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Theorem 3.4.3. The square of any odd integer has the form 8 m + 1 for some integer m. Introduction. Experimentation Most people do not attempt to prove an unfamiliar theorem by simply writing down a formal proof.

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## Theorem 3.4.3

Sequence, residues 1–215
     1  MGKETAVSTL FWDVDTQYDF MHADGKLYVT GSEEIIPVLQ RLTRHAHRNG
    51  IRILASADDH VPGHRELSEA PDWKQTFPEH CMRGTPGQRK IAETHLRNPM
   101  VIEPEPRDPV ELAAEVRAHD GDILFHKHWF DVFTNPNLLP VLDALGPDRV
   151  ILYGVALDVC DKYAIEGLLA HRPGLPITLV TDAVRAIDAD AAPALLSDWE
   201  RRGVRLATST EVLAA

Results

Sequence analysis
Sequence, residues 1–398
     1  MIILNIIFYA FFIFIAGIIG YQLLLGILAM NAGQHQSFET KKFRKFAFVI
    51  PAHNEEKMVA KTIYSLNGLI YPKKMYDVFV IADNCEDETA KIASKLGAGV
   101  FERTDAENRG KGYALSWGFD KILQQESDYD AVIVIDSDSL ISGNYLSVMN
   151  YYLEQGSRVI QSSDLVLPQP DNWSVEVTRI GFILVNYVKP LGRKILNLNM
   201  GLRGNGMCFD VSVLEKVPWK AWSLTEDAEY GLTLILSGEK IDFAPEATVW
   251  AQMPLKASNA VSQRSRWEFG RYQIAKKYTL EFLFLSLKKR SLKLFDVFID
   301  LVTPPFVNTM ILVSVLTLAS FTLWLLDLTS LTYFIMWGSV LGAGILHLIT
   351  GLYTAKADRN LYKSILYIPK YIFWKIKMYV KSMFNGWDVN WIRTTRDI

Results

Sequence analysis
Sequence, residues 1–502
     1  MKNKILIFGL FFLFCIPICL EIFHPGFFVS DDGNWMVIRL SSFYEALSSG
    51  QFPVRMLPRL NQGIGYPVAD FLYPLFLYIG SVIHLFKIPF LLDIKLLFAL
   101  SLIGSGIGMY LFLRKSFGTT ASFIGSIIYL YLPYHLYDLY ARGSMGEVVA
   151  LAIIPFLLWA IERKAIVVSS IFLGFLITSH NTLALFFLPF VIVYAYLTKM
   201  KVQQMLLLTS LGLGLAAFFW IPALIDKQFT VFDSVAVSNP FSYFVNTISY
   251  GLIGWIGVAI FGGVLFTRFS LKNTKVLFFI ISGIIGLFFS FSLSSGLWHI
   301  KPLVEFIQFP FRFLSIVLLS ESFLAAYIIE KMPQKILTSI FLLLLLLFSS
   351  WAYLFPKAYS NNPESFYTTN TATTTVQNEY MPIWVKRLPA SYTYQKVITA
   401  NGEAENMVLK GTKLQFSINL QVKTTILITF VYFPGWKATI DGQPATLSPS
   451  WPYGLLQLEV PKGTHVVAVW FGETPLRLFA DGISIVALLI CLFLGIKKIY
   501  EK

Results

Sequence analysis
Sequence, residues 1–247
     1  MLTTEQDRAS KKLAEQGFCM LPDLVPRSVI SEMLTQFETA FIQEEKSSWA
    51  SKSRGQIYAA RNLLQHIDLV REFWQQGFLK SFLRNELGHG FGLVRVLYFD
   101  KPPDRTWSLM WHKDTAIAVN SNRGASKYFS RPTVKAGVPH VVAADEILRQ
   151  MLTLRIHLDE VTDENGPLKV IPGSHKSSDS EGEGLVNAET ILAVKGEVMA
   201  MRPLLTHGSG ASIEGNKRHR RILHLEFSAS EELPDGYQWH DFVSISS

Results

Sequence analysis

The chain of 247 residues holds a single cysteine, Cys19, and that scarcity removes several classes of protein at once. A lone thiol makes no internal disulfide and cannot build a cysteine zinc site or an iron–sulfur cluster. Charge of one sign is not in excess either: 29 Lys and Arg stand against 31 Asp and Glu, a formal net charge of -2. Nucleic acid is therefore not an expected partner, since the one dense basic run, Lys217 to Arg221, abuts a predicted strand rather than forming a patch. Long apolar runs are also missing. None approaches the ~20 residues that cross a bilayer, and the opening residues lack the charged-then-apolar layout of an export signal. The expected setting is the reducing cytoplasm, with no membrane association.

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**Theorem 3.4.3**The square of any odd integer has the form 8m + 1 for some integer m.**Introduction**Experimentation • Most people do not attempt to prove an unfamiliar theorem by simply writing down a formal proof. • It is often necessary to experiment with various approaches until one is found that works. • Formal proofs are like the result of a mystery where all of the loose ends are neatly tied up.**Introduction**Division into Cases & Alternative Representations for Integers • One useful strategy for proving a theorem is to divide the problem into multiple cases. • All of the individual cases together describe all of the ways to represent a given set of numbers. • Any given number will fit only one of the cases, but all cases must be considered in order to account for any arbitrary value. • Alternative representations of integers provide an opportunity to use the division into cases as a viable strategy.**Example n2 = 8m + 1**Let n be some arbitrary odd integer, let’s say 7. If 8m +1= n2 8m + 1 = 49 8m = 48 m = 6**Example**An interesting observation: each consecutive value of m can be calculated using a triangle series. m = 0 m = 0 + 1 m = 0 + 1 + 2 m = 0 + 1 + 2 + 3 m = 0 + 1 + 2 + 3 + 4 m = 0 + 1 + 2 + 3 + 4 + 5 m = 0 + 1 + 2 + 3 + 4 + 5 + 6**Proof:**Formal Restatement: odd integers n, an integer m such that n2 = 8m + 1. Suppose n is a particular but arbitrarily chosen odd integer. By the quotient-remainder theorem, n can be written in one of the forms: 4q or 4q + 1 or 4q + 2 or 4q + 3 Since n is odd, n must have one of the forms: 4q + 1 or 4q + 3 We can therefore divide this proof into two cases.**Case 1 (n = 4q + 1 for some integer q):**We must find an integer m such that: n2 = 8m + 1 • Since n = 4q + 1: n2 = (4q + 1)2 = (4q + 1)(4q + 1) = 16q2 + 8q + 1 = 8(2q2 + q) + 1 • Let m = 2q2 + q. Then m is an integer since 2 and q are integers and sums and products of integers are integers. Thus, substituting, n2 = 8m + 1, where m is an integer.**Case 2 (n = 4q + 3 for some integer q):**We must find an integer m such that: n2 = 8m + 3 • Since n = 4q + 3: n2 = (4q + 3)2 = (4q + 3)(4q + 3) = 16q2 + 24q + 9 = 16q2 + 24q + (8 + 1) = 8(2q2 + 3q + 1) + 1 • Let m = 2q2 + 3q + 1. Then m is an integer since 1, 2, 3, and q are integers and sums and products of integers are integers. Thus, substituting, n2 = 8m + 1, where m is an integer.**Conclusion**Cases 1 and 2 show that given any odd integer, whether of the form 4q + 1 or 4q + 3, n2 = 8m + 1 for some integer m. [This is what we needed to show.]**Experimentation Revisited**The text presents the following approach as an example of an attempt that doesn’t quite prove our theorem : Since n is odd, n can be represented as 2q + 1 for some integer q. n2 = (2q + 1)2 = 4q2 + 4q + 1 = 4(q2 + q) + 1 Though the above allows us to represent n2 as 4m + 1, it doesn’t appear to help us represent it as 8m + 1. Or does it?**Related Homework Problems**Problem 24 asks to prove that any two consecutive integers is even. Problem 25 then asks to write a new proof that n2 = 8m + 1 based on the initial failed attempt on the previous slide. It turns out that problem 24 is instrumental in providing a second solution to our proof. Section 3.4 Problems 24 – 27, 34 – 41**Exam Question**One definition of a “perfect square” is a number whose square root is an integer. • Prove that the product of any four consecutive integers + 1 is a perfect square.

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